Can an otherwise rational person be convinced of the consequences of their Automatic Negative Though (ANT) pattern?
So I sent my mom a box of chocolates. I believe it got to her because the delivery service sent me a notice. I called my mom and asked her to check. In the 45 seconds from her getting up, walking to the door, unlocking it, and opening the door, she kvetched with 5 reasons it wasn’t there. Actually, it was there. But it occurred to me that she habitually exhibits automatic negative thoughts and in chronically doing so, probably creates negative emotions/cortisol spike, that feeds back into more negative thoughts (see www.youtube.com/watch?v=55BQVEjCqhU).
And then it occurred to me that she might just be making a cognitive error in mixing up the probability that the package was delivered with the conditional probably that the package was delivered given that she made certain assumptions, errantly justifying this negative thinking. And actually, I have made this exact same kind of mistake (hey, it gets conditioned into you), but upon noticing it, have been able to modify my thinking and am less inclined to have ANTs now.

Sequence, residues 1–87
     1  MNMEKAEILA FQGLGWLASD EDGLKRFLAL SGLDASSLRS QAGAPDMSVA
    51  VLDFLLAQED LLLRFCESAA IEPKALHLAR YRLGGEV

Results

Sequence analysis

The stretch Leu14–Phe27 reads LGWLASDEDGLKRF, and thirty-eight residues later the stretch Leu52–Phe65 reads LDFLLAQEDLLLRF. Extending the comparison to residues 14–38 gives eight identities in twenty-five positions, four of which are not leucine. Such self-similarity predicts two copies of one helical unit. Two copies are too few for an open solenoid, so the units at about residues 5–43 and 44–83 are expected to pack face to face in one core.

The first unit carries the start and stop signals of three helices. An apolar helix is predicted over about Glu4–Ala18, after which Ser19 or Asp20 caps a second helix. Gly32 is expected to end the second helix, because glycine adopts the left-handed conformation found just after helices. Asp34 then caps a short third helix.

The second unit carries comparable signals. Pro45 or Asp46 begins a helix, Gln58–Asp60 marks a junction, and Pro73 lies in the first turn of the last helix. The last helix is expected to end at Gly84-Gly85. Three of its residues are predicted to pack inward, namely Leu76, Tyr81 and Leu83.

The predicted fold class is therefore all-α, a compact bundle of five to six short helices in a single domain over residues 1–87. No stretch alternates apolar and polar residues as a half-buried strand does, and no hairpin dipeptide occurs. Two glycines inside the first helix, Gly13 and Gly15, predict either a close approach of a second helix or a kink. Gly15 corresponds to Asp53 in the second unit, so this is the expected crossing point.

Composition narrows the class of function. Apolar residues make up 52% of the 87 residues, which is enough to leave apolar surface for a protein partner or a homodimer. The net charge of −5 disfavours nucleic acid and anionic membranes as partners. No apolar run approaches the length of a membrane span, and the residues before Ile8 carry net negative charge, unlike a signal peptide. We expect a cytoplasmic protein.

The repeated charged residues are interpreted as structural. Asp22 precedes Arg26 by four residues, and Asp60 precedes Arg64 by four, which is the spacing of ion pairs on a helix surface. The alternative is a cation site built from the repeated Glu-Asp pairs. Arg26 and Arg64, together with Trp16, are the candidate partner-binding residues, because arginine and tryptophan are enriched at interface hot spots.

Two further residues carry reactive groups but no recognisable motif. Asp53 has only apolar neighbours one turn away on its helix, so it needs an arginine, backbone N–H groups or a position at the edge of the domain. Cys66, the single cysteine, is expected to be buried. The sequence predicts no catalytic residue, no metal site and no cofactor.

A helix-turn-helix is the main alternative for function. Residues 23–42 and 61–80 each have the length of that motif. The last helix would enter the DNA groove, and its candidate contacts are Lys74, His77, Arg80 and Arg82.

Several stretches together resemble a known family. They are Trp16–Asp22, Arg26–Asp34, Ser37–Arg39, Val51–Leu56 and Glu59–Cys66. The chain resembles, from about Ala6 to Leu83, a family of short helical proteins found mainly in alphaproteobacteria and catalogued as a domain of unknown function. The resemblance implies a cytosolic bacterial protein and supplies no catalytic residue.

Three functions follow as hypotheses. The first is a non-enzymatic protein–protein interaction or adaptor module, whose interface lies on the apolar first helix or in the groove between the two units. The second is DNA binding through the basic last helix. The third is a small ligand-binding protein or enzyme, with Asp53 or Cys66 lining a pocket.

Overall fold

So lets say probability of getting a package delivered is 75% (so not delivered is 25%). Now lets say than animals can get to the package 25% of the time and in our case 1/2 of those 25% cause the package to be destroyed and 1/2 of those 25% the package shows sign of chewing, but otherwise the contents are fine, so that counts as delivered.
If I asked, what is the chance that the package is there and good, I would say 75%. Easy peasy.
But where I think people with ANTs are going wrong is that they presume something and then ask the question, what is the chance that the package is delivered given that “I know the animals got to it”. So what is P(good package delivered | animal got to it). When I use Bayes or Venn diagram it, I get 50% (hopefully I didn’t screw that up).
And so they have pessimistically reduced what should have been good chance (75%) down to a 50% chance because they have reflexively started with a negative assumption.
I don’t know where Im going here, but it just seemed like an interesting intersection between personal psychology and probability and might help guide an otherwise rational person to understand the downside of their thinking patterns (or I could have her just try to watch the YouTube video…)